The devastating toll among nursing home residents has become a politically sensitive issue for President Donald Trump, who is trying to hold onto support from older voters in November’s elections.

The machines the administration is sending to nursing homes perform antigen tests, which check for fragments of the virus protein in samples collected from a person’s nose. The tests take about 20 minutes to run, from start to finish.

The gold standard coronavirus test is different. Known as a PCR test, it identifies the genetic material of the virus.

Nursing homes have other concerns about the program, beyond costs.

For example, antigen tests can sometimes return a negative result when a person actually has the virus. A government guidance document for nursing homes says the tests “do not rule out” COVID-19.

Giroir said the antigen tests are being used for ongoing surveillance and monitoring, not to make a definitive diagnosis.

“We are not routinely repeating negative tests,” he said. “That kind of defeats the purpose.” The administration is working to clarify the guidance.

Nursing homes that have begun getting the machines may also be in the dark about how to operate them correctly.

“It’s not exactly as advertised,” said Steve Fleming, president of the Well-Spring Group, a retirement community in North Carolina that provides comprehensive retirement services. “It’s a complicated process to complete the test.”

The administration says the manufacturers of the machines are supposed to provide training and technical support.

___

Associated Press writer Kelli Kennedy in Miami contributed to this report.

Health

October 20, 2021
by Dan McCue
FDA Signs Off on Moderna, J&J Boosters, Mixing Vaccines

WASHINGTON - The Food and Drug Administration on Wednesday said Americans who got either the Moderna or Johnson & Johnson... Read More

WASHINGTON - The Food and Drug Administration on Wednesday said Americans who got either the Moderna or Johnson & Johnson vaccine can now get a COVID-19 booster, and also say that those eligible for a booster don’t have to get the same brand as their initial... Read More

October 20, 2021
by Alexa Hornbeck
EPA Accelerates Efforts to Clean Up PFAS Pollution

This week, the Environmental Protection Agency released a new roadmap to accelerate efforts to protect Americans from per- and polyfluoroalkyl... Read More

This week, the Environmental Protection Agency released a new roadmap to accelerate efforts to protect Americans from per- and polyfluoroalkyl substances, a class of toxic chemicals found in food packaging and other common commercial products that can cause severe health problems. "We are exploring ways for... Read More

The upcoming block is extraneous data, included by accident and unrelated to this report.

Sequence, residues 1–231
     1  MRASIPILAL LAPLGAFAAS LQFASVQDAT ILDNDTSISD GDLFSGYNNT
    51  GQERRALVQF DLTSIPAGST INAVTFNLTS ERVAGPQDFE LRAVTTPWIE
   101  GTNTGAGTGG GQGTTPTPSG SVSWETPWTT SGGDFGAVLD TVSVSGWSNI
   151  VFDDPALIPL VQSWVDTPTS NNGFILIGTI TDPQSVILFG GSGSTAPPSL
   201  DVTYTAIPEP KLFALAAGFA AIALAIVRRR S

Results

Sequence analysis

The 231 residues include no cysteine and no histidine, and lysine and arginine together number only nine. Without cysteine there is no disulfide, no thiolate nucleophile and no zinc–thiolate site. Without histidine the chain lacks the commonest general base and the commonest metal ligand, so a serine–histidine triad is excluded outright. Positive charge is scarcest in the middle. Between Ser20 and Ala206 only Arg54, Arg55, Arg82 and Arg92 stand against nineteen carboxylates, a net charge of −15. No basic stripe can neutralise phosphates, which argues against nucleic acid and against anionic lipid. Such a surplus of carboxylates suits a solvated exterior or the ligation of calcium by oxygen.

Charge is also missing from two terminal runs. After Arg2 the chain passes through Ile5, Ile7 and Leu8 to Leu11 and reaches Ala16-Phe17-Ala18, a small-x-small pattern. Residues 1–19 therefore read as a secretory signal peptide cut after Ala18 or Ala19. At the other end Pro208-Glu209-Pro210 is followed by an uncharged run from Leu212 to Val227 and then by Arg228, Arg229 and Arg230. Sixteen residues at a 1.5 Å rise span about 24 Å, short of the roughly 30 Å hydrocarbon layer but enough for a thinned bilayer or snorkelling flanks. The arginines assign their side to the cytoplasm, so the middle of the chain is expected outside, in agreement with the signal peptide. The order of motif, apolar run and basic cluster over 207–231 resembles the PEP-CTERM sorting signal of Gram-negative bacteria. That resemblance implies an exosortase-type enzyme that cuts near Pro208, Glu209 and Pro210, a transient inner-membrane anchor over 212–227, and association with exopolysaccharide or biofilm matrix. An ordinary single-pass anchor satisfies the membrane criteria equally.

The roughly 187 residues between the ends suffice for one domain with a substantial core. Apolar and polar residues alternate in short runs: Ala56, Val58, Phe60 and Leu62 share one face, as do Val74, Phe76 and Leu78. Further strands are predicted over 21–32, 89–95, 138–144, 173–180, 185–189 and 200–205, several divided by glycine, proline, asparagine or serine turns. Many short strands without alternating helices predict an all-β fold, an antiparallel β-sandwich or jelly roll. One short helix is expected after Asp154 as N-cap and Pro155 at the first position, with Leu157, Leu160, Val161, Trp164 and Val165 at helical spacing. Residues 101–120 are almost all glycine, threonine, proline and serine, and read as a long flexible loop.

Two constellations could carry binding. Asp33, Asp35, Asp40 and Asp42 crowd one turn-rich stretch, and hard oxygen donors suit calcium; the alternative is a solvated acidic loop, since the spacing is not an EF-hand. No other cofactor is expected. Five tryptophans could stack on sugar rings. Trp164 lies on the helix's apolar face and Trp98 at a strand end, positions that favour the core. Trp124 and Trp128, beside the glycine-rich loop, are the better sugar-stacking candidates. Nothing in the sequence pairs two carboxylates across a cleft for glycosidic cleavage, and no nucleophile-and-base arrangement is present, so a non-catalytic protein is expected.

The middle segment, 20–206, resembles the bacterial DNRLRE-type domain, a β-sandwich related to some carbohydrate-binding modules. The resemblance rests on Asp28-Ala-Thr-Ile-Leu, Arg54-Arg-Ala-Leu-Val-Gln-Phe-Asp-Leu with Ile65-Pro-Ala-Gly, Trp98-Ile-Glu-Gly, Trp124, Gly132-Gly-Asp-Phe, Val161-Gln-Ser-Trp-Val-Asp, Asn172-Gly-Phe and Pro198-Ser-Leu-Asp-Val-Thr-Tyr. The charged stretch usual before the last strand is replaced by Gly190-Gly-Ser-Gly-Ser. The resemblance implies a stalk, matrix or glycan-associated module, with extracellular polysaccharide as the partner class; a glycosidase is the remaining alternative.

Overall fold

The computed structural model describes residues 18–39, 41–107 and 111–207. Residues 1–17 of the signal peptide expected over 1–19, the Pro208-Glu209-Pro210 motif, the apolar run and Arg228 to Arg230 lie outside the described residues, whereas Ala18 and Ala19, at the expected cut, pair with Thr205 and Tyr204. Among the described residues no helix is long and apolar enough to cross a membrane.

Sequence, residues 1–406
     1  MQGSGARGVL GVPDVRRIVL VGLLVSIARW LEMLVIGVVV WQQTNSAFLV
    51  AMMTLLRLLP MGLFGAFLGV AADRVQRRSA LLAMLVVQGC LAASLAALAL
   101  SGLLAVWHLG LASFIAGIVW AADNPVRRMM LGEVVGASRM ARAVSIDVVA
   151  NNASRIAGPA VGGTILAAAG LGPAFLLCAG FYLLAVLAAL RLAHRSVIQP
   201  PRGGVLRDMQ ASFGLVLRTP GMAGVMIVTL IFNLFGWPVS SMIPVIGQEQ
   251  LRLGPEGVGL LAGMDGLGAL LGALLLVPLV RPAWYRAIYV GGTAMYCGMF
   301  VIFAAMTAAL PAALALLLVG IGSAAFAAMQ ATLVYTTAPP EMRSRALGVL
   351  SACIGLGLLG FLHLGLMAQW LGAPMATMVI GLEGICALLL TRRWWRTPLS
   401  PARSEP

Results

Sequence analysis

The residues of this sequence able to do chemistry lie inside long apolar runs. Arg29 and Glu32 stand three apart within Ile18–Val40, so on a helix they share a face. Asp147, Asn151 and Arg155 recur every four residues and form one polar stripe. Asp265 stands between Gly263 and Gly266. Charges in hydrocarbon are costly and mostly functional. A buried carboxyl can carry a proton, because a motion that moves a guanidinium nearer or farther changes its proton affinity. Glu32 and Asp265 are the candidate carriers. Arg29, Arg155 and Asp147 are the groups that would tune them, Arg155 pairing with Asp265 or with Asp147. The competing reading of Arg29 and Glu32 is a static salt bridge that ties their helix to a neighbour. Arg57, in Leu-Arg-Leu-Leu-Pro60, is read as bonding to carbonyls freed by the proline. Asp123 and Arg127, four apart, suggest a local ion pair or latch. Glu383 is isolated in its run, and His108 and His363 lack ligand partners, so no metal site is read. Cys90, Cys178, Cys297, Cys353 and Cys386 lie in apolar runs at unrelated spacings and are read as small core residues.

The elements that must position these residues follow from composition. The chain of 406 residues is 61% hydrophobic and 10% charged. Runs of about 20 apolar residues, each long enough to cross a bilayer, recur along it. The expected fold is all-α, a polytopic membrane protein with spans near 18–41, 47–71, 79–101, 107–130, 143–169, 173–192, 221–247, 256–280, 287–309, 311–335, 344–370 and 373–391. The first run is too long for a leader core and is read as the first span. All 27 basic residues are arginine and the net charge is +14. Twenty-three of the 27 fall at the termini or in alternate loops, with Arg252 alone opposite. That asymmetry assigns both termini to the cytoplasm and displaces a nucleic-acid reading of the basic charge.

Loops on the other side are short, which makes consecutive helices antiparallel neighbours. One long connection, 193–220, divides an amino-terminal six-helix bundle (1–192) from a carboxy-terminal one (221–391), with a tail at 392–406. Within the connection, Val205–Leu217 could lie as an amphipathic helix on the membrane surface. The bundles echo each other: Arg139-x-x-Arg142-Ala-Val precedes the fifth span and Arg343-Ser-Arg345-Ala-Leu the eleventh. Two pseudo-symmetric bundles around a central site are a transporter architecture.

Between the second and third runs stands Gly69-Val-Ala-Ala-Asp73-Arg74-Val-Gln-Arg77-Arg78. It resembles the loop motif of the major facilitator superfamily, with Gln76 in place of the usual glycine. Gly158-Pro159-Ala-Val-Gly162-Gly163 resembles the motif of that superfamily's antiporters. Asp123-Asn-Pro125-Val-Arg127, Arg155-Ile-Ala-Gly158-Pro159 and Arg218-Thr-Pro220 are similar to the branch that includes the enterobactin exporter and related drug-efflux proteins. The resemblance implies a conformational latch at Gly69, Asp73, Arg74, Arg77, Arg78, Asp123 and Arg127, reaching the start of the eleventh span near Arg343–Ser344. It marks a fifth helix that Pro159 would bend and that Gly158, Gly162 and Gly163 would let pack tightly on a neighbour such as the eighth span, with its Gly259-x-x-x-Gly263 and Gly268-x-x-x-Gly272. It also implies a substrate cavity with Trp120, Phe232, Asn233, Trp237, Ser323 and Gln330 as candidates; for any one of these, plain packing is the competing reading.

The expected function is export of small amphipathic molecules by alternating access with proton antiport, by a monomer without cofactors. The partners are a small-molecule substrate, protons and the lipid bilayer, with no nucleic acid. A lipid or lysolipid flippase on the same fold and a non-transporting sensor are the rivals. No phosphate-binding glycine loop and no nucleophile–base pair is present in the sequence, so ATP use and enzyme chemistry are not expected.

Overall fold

October 20, 2021
by Alexa Hornbeck
Developer of Gene Editing Tool Discusses Ethics of Emerging Treatments

It was only nine years ago that researchers discovered a method for editing human genes using a specialized technology called... Read More

It was only nine years ago that researchers discovered a method for editing human genes using a specialized technology called the CRISPR-Cas9 tool.   CRISPR-Cas9 enables geneticists and medical researchers to edit parts of the genome by removing, adding or altering sections of the DNA sequence.  Ethicists,... Read More

October 20, 2021
by Alexa Hornbeck
Middle-Aged Women at Higher Risk of ‘Broken Heart’ Syndrome

LOS ANGELES - A new study from researchers from Cedars-Sinai Medical Center appears to confirm what many have long argued:... Read More

LOS ANGELES - A new study from researchers from Cedars-Sinai Medical Center appears to confirm what many have long argued: That a “broken heart” really can lead to long-term heart injury. “We know from other studies the heart-brain connection is very strong, but this is one... Read More

White House Details Plans to Vaccinate 28M Children Age 5-11

WASHINGTON (AP) — Children age 5 to 11 will soon be able to get a COVID-19 shot at their pediatrician's... Read More

WASHINGTON (AP) — Children age 5 to 11 will soon be able to get a COVID-19 shot at their pediatrician's office, local pharmacy and potentially even their school, the White House said Wednesday as it detailed plans for the expected authorization of the Pfizer shot for... Read More

Pig-to-Human Transplants Come a Step Closer with New Test

Scientists temporarily attached a pig's kidney to a human body and watched it begin to work, a small step in... Read More

Scientists temporarily attached a pig's kidney to a human body and watched it begin to work, a small step in the decades-long quest to one day use animal organs for life-saving transplants. Pigs have been the most recent research focus to address the organ shortage, but... Read More

News From The Well
scroll top